The Algona Upper Des Moines from Algona, Iowa on January 17, 1956 · Page 26
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The Algona Upper Des Moines from Algona, Iowa · Page 26

Algona, Iowa
Issue Date:
Tuesday, January 17, 1956
Page 26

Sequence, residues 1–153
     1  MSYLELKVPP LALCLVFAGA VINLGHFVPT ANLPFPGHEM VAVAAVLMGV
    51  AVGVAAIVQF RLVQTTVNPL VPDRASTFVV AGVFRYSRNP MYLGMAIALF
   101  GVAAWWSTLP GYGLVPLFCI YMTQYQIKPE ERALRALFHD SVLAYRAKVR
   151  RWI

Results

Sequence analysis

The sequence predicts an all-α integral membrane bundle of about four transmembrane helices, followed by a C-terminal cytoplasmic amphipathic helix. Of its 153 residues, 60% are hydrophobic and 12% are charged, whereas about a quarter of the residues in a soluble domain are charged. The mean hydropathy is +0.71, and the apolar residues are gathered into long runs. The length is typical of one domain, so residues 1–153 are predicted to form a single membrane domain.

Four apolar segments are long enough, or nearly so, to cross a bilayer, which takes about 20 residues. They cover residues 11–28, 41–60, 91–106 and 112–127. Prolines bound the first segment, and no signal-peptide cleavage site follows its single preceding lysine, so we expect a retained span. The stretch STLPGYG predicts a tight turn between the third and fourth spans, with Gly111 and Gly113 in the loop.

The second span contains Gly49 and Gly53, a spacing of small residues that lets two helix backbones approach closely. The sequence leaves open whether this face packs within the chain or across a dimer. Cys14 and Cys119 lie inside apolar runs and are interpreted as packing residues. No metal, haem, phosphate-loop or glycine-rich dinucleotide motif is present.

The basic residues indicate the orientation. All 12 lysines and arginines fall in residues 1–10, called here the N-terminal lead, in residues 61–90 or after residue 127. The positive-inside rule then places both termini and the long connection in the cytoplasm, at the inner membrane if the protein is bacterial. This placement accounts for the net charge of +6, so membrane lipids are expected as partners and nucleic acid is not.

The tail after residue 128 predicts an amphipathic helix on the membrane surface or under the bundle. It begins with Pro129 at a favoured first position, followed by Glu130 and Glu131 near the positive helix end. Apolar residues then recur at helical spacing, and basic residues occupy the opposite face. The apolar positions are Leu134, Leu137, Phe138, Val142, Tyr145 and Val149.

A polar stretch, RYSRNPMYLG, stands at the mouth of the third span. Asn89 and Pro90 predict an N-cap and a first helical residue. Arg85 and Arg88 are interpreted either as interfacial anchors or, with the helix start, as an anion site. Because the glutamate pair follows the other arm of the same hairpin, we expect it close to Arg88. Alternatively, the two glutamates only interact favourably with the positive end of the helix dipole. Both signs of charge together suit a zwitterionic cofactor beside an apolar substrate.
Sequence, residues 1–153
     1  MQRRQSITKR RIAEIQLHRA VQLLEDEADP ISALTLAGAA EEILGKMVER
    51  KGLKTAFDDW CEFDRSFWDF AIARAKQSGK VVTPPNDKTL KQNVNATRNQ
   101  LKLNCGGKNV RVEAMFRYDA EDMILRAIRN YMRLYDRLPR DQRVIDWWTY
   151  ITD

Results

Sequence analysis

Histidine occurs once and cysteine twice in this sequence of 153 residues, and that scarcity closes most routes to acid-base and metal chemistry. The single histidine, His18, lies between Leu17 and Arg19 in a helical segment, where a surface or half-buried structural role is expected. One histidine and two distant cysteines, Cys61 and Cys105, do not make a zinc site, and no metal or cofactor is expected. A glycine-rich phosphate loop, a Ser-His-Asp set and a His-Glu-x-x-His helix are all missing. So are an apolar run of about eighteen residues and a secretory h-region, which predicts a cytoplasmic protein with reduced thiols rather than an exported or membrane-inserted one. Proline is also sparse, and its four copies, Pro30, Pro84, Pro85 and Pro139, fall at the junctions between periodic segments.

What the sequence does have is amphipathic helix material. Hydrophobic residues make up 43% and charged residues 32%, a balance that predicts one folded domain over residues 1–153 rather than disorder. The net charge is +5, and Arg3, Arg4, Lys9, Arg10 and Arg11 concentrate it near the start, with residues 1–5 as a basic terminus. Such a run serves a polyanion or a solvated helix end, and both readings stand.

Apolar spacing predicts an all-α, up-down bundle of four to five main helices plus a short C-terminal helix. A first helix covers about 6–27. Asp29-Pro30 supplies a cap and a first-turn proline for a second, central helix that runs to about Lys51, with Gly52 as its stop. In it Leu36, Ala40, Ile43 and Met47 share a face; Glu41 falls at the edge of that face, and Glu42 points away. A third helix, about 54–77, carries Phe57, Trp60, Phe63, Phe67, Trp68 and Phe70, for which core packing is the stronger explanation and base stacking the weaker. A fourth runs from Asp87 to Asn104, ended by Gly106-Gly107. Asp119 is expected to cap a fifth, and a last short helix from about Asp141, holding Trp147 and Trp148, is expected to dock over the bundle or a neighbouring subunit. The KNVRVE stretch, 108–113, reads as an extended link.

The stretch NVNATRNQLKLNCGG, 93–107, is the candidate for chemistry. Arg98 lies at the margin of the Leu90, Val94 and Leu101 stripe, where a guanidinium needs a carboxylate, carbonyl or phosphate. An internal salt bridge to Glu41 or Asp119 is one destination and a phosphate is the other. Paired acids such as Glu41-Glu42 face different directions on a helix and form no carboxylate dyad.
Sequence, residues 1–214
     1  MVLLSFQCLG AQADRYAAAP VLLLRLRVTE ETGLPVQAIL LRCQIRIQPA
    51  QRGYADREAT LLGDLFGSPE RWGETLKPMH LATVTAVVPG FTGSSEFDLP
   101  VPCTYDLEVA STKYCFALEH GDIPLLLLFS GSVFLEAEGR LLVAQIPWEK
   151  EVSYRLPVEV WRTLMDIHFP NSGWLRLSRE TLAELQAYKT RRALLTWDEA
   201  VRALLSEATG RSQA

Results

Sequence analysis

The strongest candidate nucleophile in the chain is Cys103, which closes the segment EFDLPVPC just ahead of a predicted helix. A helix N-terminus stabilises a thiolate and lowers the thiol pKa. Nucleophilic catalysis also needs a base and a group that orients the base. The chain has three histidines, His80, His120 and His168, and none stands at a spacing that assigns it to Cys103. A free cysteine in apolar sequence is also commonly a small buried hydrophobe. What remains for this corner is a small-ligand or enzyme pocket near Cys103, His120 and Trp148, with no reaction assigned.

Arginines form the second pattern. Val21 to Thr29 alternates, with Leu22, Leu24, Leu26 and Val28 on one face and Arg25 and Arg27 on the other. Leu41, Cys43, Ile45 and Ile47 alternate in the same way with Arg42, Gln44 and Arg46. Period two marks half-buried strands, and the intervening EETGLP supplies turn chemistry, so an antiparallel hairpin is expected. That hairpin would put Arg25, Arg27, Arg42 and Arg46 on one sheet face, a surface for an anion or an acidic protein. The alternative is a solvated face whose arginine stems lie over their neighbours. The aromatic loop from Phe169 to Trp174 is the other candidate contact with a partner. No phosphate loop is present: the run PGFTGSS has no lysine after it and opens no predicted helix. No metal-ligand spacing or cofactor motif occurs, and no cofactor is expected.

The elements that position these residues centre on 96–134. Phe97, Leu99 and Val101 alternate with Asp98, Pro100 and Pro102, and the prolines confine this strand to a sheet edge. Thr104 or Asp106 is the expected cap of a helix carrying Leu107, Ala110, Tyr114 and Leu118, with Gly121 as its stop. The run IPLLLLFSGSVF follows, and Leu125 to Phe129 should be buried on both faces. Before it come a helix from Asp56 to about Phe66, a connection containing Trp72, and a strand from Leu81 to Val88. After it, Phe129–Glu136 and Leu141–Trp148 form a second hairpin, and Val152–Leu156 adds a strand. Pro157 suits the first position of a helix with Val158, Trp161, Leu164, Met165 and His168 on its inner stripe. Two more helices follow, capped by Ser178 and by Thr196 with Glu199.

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2~AI«»ne (la.) GOOD OLD DAVEY CROCKETT Hearing about the exploits of Davey Crockett on juke box and radio for the past several weeks has brought many requests from the "cereal set" ior more information on this fabulous American. A little rusty on our American history and slightly curious ourselves, we sent our researchers scurrying for information to supplement the tale currently being told on wax. The opening lines of one biographer indicate that writing enthusiastically (about ,Davey Crockett is not a quality peculiar only to our modern day song writers: "The morning Davey Crock«tt w*s born Daley's pa came buttin' out of his cabin in Tennessee alongside the Nola- chucky river. He fired three shots into the air. gave a whoop, and said, "I've got me a son. His name is Davey Crockett and he'll be the greatest hunter in creation." * The Encyclopedia Britannica, in more subdued tones, tells us: "In 1821-1824 he (Crockett) was a member of the state legislature, having won his election by telling stories. (This is the same way people get elected today.) Another biographer tells us that Crockett once modestly said: "Look out, Andy Jackson! For I'm Davey Crockett, fresh .from the backwoods! I'm half horse, half alligator with a little snappin' turtle mixed in". After committing this verbal slaughter, Crockett sped off to the Alamo. Other interesting facts about Crockett: He liked apple cider, was a good square dancer and once shot the ears off a cat. It looks like Pa Crockett's prophecy.-about his son has come true. We suspect that the rightfully honored Davey now has a firm toe hold on immortality. Indeed fame is a funny thing. Time was when you were famous if you 1 could get your name on the-side of a Pullman car. Now days you have to get it on junior's'T-shift. ' •".-' v •'••• • *' . •"*• • THEY MEANT IT ^ Mitchell County Press — It looks like the Democrats meant what they; said when they claimed Ike. would get more support under an opposition-controlled Congress than hi did when the federal legislature was under the control of his own party. : . .•..•;,.' • •.''•*. * ' ; * ' • United State* $«n«tor Tom Martin,, evidently during a lull in.general:Senate.activity,-has prepared, a fetching.Jittle questionnaire with 36 Yes and No spaces for ;his folks, back in Iowa, who might ; be getting a little bored by this time with Cash Word congests: Iri;'this questionnaire Senator Tom is 'going* 1 to find out how everybody feels about everything,".and the printing and compiling alone should be of sufficient work to ease considerably the unemployment around Washington, jf there is* any. >- • .' ^.Igonn Upper prs ^floincs 111 E. Call Street—Phone 1100—Algona, Iowa I •••—a^.^^.^•• Entered as second class matter at .the postofflce at; Alfona. Iowa, under Act of Congres* of • March 3. 1I7B. " Issued Thursdays in 1955 By THE UPPER DBS MOINES PUBLISHING CO. R. B. WALLER, Managing Editor C. S. ERLANDERt Advertising Manager NATIONAL EJUTOIMAl y MEMBER AUDIT BUREAU OF CIRCULATIONS NATIONAL REPRESENTATIVE Weekly Newspaper Representatives, Inc. MO Broadway, New York 10, N. Y. SUBSCRIPTION RATES IN KOSSUTH CO. One Year. In advance , , ..,. 93.00 Both Algona papers, in combination, per year ... 15.00 Static Copies ,--„. ....... ... joe SUBSCRIPTION RATES OUTSIDE £OSSUTH One Year in advance -.,. S4.04 Both Algona papers in combination, one year — $0.00 No subscription less Uum 6 months. ADVERTISING RATES Display Advertising, per inch , ,.. r . Me OFFICIAL CITY AND COUNTY NEWSPAPER GREAT INTELLECT LOST The massive intellect of Albert Einstein has passed from the scene, and the world regrets the loss of one of its truly great thinkers. For us in our more pedestrian lives, the thinking of fiinstein was incomprehensible, and few were able to grasp the great sweeps of thought that flashed over the brow of this saintly little man who, with his large eyes and innocent face, looked almost saintly. To most of the world Einstein symbolized the human mind in its highest stage of intellectual development. His grasp of the world of ideas far exceeded our reach, but we admired him as one admires anyone who has reached the zenith of achievement in his area of work. Philosophy has lost one of its great champions and, while even Einstein could not make philosophy popular, he was certainly a popular philosopher. The world has need of men who are more concerned with the world of ideas than they are with the ideas of the world. Such a man was Einstein, • • • * MAKES A PERSON WONDER We suspect that the recent and running hassle between the attorney-general's office and the citizens of Clinton county has provided the good people of that river city with a steady-source of merriment. We admit the snarls that Mr Countryman has encountered are a bit mirth proveking and we, too, chuckle along with the folks in Clinton. In another sense, however, it is alarming. We afe concerned about Mr Countryman's knowledge of the law. As far as we can tell, it is his apparent lack of a thorough legal understanding which has backed him into all the difficulty. The attorney-general is the highest legal office in the state and is the official "lawyer" for the state of Iowa. It is shocking when either he, or someone in that office, does not know that seized liquor must be receipted and that liquor samples must be taken as evidence. The people have a right to expect that the- attorney-general know the Jaw, particularly the liquor law under which he, himself, is so dedicated to act. * * * PARKING METERS STILL TRYING Humboldi Republican — Those tompanies who sell parking meters never give up. Humboldt has refused to install parking meters for many years but the salesmen are still trying. When the city fathers sit in meeting and find; that a lack of funds prevents them from doing something they believe should be done the revenue that could be obtained from parking meters looks very attractive. It is then that all of the arguments of the parking meter salesmen came to mind and cause a wavering of opinion. . Humboldt does not have parking meters and a big majority of the businessmen, who do a great share of the work of keeping Humboldt in the front ranks as a shopping center do not want them. Trade comes to Humboldt from all directions and from towns and farms far removed from what could properly be considered Humboldt trade area. Scarcely a day passes that some customer from a great distance remarks on the fact that he or she likes to trade in Humboldt because there are no parking meters. This community has gained many shoppers from that fact alone. Former customers of neighboring towns are now trading in Humboldt and they started trading here because the town in which they formerly traded installed parking meters. Parking meters will bring added revenue to the city treasury, but they will also be considered a tax on the privilege of doing business in a town .by many shoppers. Money derived from parking meters must be used to increase or improve parking facilities. It cannot be thrown into the general fund and be used wherever needed. We believe our city government has been wise in not installing parking meters. The two hour parking ordinance keeps parking spaces available in the downtown shopping center and the other trading areas do not have a parking problem. » * • One newspaper exchange* declares that all papers will be stopped on expiration, but in cases where subscribers have been taking the paper for 50 years or move they can have a little extra time. * * * "Most women find it impossible to be brief about anything except a bathing suit." (And this is a pleasant thought even in the middle of winter) Missiles l»y Clion Day Tti» Traveler* Safely Stfvic* 'I found I couMn't walk, so I was forced to drivel*! Behind The Movie Sets WITH BUDDY MASON ONLY 3 WEEKLY NEWSPAPERS IN IOWA HAVE MORE CIRCULATION (Paid) Than The ifliWBm^^P^BFiBHi^pB ^B^ ^f^ ^Pflr ^•P'W Des Moines Kt$fUTH COUNTY'S IfAOJNG NEWSPAPER Many a stranger "bites the dust" on the bridle-paths of Griffith Park. And all because they mention a "harmless" word or two that is overheard by their HORSES! Behind Hollywood's hills, and skirting the edges of Griffith Park, are a number of riding academies. Here, for a small fee, the visitor to Filmland can hire a mount and ride off into the "green hills yonder." • * • Just how far "yonder" will depend, to some extent, on the horsemanship — and language — of the riders. We mean, of course, the language used while aboard the ponies. Any dialogue that blues the air after a sudden unseating will be by-passed here in deference to lady linotypers around the nation. Even lads and lassies who never before have seen a live horse, are impressed by the intelligent looking Griffith Park horses. Intelligent, yet seemingly , bored with it all! This attitude befits smart cow-ponies who have hobnobbed with sheriffs, bandits, posses, rustlers, screaming Indians, Bengal Lancers and Foreign Legion fighters. For most of the cayuses in Hollywood's saddle- sore emporiums, like the cowhands who saddle them up, are merely marking time between pictures. This little sideline guarantees their off-screen oats and cigarette makin's, but come along a Western epic, pardner, and "ridin' academy gits to be a ghost town." Your cowboy friend may suddenly become a member of some bandit band, shooting up a Western movie-street from the flight- deck of your erst-while mount. Oddly enough, exploding blanks mean little in the life of a veteran movie-pony. Inured to the bark of 45's, they're seasoned performers, working on cue. And that word "cue", gentle reader, is what plants your pants amongst the bridle-path petunias. You'll be riding along, nice as you please, talking to a mounted companion — and one of you will use the RIGHT WORD. Right for the pony, that is. But oh, how wron? for you! You'll ask, "How much film do we have in the CAMERA?" or "Which way shall we GO?" or "Wanna race? I crave ACTION!" Even a simple "COME ON! — LET'S GO!" or "Isn't this view just like a PICTURE?" will leave you straddling some choice California air while your mount takes off like a rocket late for a date on Mars! * * * All of these words, and a few more, have meaning for the movie-wise cow-pony. To him, they mean, "Take off, boy! And don t be straggling behind when you pass the cameras or you'll be raked with a pair of spurs!" A good swift run means no j-e- takes, and after all, who's going to let another, pony pass him up as though he were a plow-horse? » * * So. take h*ed, brother, when you step aboard a movie-charger in a Movieland riding academy. It may have been "ages" since he's been before the cameras. In that cas.e, he'll be like any fellow who's been out of work for some time, he may be anxious to do a bang-up job for the new bdss. To him, that means "taking oft' into the wild blue yonder" the instant he hears a familiar cue. To you, this may bring a bang-up job of another sort. So wutch your conversation around Movicdom's horsc-s. The wrong language can get you into trouble — even if your pony isn't a LADY! Tbc first commercial ice plant in Hit- United SUito w,t,; uprrjitcd in Jellcib'.u), Ttxius nbout 1U71. From the files of the Algona Upper Dei, Moines May 2, 1935 * • •* • * * An .Esiherville man made two mistakes-.during the Week. First of all, he stole a car — but that wasn't enough. He then headed for Armstrong, and .once there, crashed into the side of a house, smashing it, • the car and the cellar door. Wonder how he missed the kitchen sink. : » ' . * • .-' Students who were'in the first to sixth grades in Algona'.s public school were on vacation, but a few of them weren't happy about the whole thing.. A scarlet fever and measle epidemic was prevalent, ' and school officials thought it best to suspend operations for ,a couple- *of-'weeks. Nineteen cases were reported in the six grades, although not a single case was reported by St. Cecelia's. (At least not in this issue o* the UDM), * t * Cwnlf AudHor fc J. futiit S at fej^irtedly suspiciouf '«tf t ftll aV«Uln| Salesman, : td^tartht tollof ing episod«. *' Salesman called on tddie, and dftrh5nStfJit- ed a .new Variety of light bulbs by Bduhciftl '6tie-' of the»offtite ffopr. When it bounced and didn't break, Butler thought the item td be just what he needed, so he ofdeted sortie. The btttm arf ivtd. were- upaeked, and Ss sevetal, sons Were in'the office; the '».._. tor decided to give a demonstration of his own. Me did everything 'just as the Salesman had done, but the bulb shattered and Ed became very ' disgruntled. When last'heard <jf, the bulbs were bbiihcihg right Back to the company. ; V • r' ' "•••' Pour ieams, member* of the Algona Kittenball League, braved the possibility of frostbite to open the league season at the athletic park. The games, played under,the lights installed the summer before, saw RCA, the 1934 champs, slamming Nelson Hardware, 14-0, and Skelly Oil nosing out Barry's, 6-5. Two games were on the slate every Monday, Wednesday and Friday for the rest of the summer, with seven teams entered iff the race for ,the bunting. Names of some of the members of those teams back then brings to mind the rumor that Algona might have ,an old-timers softball league this year, with a minimum age limit, which should produce a lot of back aches and interesting ball., . Dale.Earing of Lone Rock High School hung up his second dne- hit baseball win in eight days as the Lone Rock nine downed Bancroft, 1-0, at Bancroft. The only other high school baseball news was the announcement that Titonka was to host one of the district tournaments. First round games were set for Saturday morning and afternoon, with semi-finals Monday and finals Tuesday. Mason City was ,one of the teams set to appear- in tr^e tourney. . f Thii joke was tucked in on the third tkti bi the tifcif'—' drulf! father to S6n: "Wh» t doh't you tf|t tKA MM! find ft joV When 1 ifPsfiif.* *ij&^« wt$i km drjive yearf 1 WHitA tfl* ft&fe." Soft: "Yoti cfcft't 4i tnlt nowadays, they have bash registers." • •• - -••- -. ..-,.•• ••--. • --.-' • ' ' * * • •--.:-. Mart Weafef of Alffona didn't go te iM mbvie aLthe. Gall Thea- tet- when the.Bank Night drayo-* ing was held, and missed receiving $226. The tiwartf weltt up to $2bO for next week's drawing. •••' * • • * - * ; '•:•' • ' Ed Holecek had a sign in his shop that would be: Very popular in many business places today. It i-ead -*• "We shoot every ninth or tenth salesman, and there's been eight in here today." Ed probably talked to a lot el Stuttering salesmen during the week. RUSCO WINDOWS COMBINATION yen md*« convenience and cdtn- fori than *rty othet combinaiUm MtfcieO &OOR MOODS AMD WINDOW CANOPIES add gMMil* ly 16 JHe beauty of your home I Charles Miller ftuseo SALES Phone 741-W after 6 p.m. Display at 116 So; Dodge, Aigonn ....... —-»-•- ALL Algona Optometrists 1 Offices WILL BE CLOSED SAT. AFTERNOONS STARTING MAY 7 OFFICES WILL BE OPEN THURSDAY AFTERNOONS AFTER MAY 7 17-18 Redd The Want Ads - It Pays! BABY BANTER By BROWN'S DAIRY You've got to know where the decimal point goes if you ever go in business I That is not the kind of point that I'm trying to gel over ! Balance Your budget with CARNATION milk; It's a SUPER-BUY of the finest quality. AMERICA'S FOREMOST ARTISTS VOTE PLYMOUTH "AMERICA'S MOST BEAUTIFUL CAR!" w To Ply mouth in honor of the men and women who designed the 1955 Plymouth—most beautiful car of the year" -SOCIETY OF ILLUSTRATORS CITATION Plymouth ie proud to announce this award bestowed by the famed Society of Illustrators; To the trained eye of the professional t ajtist, Plymouth's Forward Look styling represents the year's most beautiful automotive design. You'll appreciate tins beauty, too, and $EfT BUY NEW; BETTER TRADE-IN, TOO PLYMOUTH what it does for you. How, for example," it gives ) QU the greatest visibility of any low-price car ... the roomiest interiors ., 1'ihe largest trunk space. Bill see for yourself. See America's nios,t boaulifwl car today —the all-2ievy PLYMOUTH! your Plymouth Plymouth Deplerj ore lis in your Clowlfi.d Ttliphon* Directory